Details of what the forthcoming nursing associate role in England will be trained to do have emerged this week, including the ability to calculate drug doses and independently administer controlled medications.
According to documents laying out the draft curriculum that were leaked to Nursing Times’ sister title, Health Service Journal, nursing associates will also be able to carry out invasive procedures and recognise deteriorating patients. The revelations sparked warnings of a “recipe for confusion” about the difference between associates and nurses.
A trust in Birmingham has admitted it was at fault following the death of a patient who was administered a drug by an unsupervised healthcare assistant during a home visit. In a recent board report, Birmingham and Solihull Mental Health NHS Foundation Trust acknowledged the HCA was not directly supervised on the visit and this was not in line with its medicines code.
Revamped children and young people services are being consulted on in local authorities across England which could affect nurse jobs and roles. Local councils in Manchester, Essex, Solihull and Slough, are among those looking to make a range of changes at the same time as their budgets have been reduced. Meanwhile, nurses who will lead redesigned public health services for children in Cumbria have defended the plans, saying they will provide better support for families.
The proposals, agreed by Cumbria County Council last month, will increase caseloads for health visitors and see the end of traditional school nursing service and family nurse partnership scheme and have been previously described as “devastating”.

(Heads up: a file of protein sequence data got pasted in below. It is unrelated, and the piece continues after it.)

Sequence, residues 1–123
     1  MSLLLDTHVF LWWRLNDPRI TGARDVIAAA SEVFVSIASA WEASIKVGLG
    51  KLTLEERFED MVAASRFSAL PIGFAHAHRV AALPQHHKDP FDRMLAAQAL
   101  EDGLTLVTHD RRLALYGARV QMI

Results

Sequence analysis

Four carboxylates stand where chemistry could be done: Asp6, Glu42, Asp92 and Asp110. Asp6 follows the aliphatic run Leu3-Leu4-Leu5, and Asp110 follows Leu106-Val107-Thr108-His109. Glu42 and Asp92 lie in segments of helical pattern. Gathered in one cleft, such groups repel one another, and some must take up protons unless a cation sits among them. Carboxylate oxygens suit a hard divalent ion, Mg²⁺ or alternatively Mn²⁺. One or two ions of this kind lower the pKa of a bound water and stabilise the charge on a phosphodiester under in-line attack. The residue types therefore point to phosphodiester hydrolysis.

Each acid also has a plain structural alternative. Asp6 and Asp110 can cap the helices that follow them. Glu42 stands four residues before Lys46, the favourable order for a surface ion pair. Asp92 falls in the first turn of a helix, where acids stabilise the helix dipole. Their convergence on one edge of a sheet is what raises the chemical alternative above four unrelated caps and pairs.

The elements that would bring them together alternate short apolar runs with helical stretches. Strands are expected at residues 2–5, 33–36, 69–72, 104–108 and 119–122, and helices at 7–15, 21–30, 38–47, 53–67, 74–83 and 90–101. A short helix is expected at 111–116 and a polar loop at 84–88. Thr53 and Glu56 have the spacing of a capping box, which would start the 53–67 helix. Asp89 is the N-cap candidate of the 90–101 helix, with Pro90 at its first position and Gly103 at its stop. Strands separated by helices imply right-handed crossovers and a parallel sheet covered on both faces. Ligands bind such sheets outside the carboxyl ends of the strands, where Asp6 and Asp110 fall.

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Survival in the immediate aftermath of a stroke is substantially affected by the ratio of trained nurses to patients, a new UK study has found. Researchers at the University of Aberdeen and the University of East Anglia said this was contrary to expectations that other factors, such as the proportion of acute and rehab beds, might have a greater impact on survival.
Around 5,000 UK nurses have left the register in three months by choosing not to go through revalidation or by failing to meet its requirements, suggests latest data from the Nursing and Midwifery Council. However, the regulator said the 5% drop off was “in line with previous years” before the new system of competency checks was introduced. The NMC’s latest quarterly report on revalidation reveals that 75,513 nurses and midwives successfully revalidated during July, August and September out of 80,668 who were due to go through the process, representing 93.6%.
The charity behind the successful campaign for a statue of Mary Seacole will continue under a new name and structure to ensure the Crimea nursing pioneer’s legacy will “inspire future generations”. The Mary Seacole Memorial Statue Appeal – which in the summer saw the unveiling of Mary Seacole’s statue in the grounds of St Thomas’ Hospital in London - has become the Mary Seacole Trust.